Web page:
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0105_001E Ragged Dick Horatio Alger


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Dick left the counting-room, hardly knowing whether he stood on his head or his heels, so overjoyed was he at the sudden change in his fortunes. Ten dollars a week was to him a fortune, and three times as much as he had expected to obtain at first. Indeed he would have been glad, only the day before, to get a place at three dollars a week. He reflected that with the stock of clothes which he had now on hand, he could save up at least half of it, and even then live better than he had been accustomed to do; so that his little fund in the savings bank, instead of being diminished, would be steadily increasing. Then he was to be advanced if he deserved it. It was indeed a bright prospect for a boy who, only a year before, could neither read nor write, and depended for a night's lodging upon the chance hospitality of an alley-way or old wagon. Dick's great ambition to "grow up 'spectable" seemed likely to be accomplished after all.

"I wish Fosdick was as well off as I am," he thought generously. But he determined to help his less fortunate friend, and assist him up the ladder as he advanced himself.

When Dick entered his room on Mott Street, he discovered that some one else had been there before him, and two articles of wearing apparel had disappeared.

"By gracious!" he exclaimed; "somebody's stole my Washington coat and Napoleon pants. Maybe it's an agent of Barnum's, who expects to make a fortun' by exhibitin' the valooable wardrobe of a gentleman of fashion."

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Dick did not shed many tears over his loss, as, in his present circumstances, he never expected to have any further use for the well-worn garments. It may be stated that he afterwards saw them adorning the figure of Micky Maguire; but whether that estimable young man stole them himself, he never ascertained. As to the loss, Dick was rather pleased that it had occurred. It seemed to cut him off from the old vagabond life which he hoped never to resume. Henceforward he meant to press onward, and rise as high as possible.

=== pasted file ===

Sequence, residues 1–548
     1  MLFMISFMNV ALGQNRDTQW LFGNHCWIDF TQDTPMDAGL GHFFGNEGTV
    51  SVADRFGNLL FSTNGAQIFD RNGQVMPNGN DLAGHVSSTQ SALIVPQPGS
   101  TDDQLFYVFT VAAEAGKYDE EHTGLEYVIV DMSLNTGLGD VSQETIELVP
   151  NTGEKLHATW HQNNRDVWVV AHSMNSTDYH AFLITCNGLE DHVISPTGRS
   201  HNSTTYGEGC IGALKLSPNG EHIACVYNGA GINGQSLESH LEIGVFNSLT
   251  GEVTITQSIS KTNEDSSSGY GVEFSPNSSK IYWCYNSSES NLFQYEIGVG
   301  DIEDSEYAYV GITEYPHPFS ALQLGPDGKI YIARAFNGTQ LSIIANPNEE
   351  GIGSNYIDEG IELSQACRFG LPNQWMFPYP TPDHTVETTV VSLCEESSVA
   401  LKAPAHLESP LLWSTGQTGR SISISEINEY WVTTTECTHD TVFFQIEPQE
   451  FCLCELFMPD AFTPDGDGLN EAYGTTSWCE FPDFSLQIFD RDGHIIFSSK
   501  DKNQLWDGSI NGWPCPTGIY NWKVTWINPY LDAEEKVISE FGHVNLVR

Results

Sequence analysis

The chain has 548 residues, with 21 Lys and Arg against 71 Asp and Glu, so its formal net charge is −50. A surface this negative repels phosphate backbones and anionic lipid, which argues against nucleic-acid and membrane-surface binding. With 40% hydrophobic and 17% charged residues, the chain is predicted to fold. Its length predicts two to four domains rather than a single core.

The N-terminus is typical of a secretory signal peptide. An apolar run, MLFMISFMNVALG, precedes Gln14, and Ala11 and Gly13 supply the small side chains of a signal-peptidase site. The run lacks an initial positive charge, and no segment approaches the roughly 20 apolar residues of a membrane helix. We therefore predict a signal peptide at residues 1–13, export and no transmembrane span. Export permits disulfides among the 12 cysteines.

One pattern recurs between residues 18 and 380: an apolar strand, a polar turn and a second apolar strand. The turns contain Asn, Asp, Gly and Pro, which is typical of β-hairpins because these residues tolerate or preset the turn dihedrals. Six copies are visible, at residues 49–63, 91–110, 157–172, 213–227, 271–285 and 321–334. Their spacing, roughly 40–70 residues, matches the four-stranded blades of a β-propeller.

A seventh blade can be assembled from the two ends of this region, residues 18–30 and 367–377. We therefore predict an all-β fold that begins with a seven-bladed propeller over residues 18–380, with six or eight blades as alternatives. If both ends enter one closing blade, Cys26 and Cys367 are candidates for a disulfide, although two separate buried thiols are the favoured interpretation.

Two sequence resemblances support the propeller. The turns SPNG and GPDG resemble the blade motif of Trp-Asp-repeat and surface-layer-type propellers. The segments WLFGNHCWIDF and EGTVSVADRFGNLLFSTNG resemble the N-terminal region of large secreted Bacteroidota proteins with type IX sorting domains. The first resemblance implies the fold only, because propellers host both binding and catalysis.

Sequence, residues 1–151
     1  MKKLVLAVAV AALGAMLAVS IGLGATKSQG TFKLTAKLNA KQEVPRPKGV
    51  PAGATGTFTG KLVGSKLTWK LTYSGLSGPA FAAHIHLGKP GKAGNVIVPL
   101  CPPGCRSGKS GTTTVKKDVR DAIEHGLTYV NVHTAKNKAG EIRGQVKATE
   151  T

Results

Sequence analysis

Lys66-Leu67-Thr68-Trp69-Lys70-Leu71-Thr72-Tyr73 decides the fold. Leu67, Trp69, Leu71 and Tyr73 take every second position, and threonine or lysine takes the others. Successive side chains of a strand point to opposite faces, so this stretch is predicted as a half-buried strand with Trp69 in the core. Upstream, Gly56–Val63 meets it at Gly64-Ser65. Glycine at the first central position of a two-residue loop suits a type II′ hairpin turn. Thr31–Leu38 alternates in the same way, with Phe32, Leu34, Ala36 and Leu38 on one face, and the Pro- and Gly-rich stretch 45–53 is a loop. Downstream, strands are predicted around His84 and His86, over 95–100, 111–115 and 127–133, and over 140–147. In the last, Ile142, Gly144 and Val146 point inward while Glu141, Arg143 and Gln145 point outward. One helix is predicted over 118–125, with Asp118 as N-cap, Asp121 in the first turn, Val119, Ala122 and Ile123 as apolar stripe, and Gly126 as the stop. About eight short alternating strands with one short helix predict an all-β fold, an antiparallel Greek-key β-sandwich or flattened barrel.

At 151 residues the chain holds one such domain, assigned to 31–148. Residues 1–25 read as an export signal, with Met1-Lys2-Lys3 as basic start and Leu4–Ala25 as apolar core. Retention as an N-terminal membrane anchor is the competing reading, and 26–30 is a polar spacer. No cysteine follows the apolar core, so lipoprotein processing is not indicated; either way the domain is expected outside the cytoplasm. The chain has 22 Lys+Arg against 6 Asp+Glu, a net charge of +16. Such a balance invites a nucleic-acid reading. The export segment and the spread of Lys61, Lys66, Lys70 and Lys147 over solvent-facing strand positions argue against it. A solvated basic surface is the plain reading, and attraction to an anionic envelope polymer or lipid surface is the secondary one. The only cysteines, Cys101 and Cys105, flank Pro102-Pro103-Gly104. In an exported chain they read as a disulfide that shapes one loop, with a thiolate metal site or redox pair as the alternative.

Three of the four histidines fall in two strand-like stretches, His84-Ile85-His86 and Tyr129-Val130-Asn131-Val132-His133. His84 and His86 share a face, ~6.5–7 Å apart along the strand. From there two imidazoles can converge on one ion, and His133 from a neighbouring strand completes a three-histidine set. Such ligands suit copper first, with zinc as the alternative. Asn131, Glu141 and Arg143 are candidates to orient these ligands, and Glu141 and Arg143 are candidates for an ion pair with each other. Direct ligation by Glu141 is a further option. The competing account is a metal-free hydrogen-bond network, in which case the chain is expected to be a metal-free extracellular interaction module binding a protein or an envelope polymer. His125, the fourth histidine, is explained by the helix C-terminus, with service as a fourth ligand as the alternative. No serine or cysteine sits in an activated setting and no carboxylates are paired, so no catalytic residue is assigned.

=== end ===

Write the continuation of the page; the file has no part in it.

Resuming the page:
Although it was yet only noon, Dick did not go out again with his brush. He felt that it was time to retire from business. He would leave his share of the public patronage to other boys less fortunate than himself. That evening Dick and Fosdick had a long conversation. Fosdick rejoiced heartily in his friend's success, and on his side had the pleasant news to communicate that his pay had been advanced to six dollars a week.

"I think we can afford to leave Mott Street now," he continued. "This house isn't as neat as it might be, and I shall like to live in a nicer quarter of the city."

"All right," said Dick. "We'll hunt up a new room to-morrow. I shall have plenty of time, having retired from business. I'll try to get my reg'lar customers to take Johnny Nolan in my place. That boy hasn't any enterprise. He needs some body to look out for him."

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Ragged Dick
Horatio Alger

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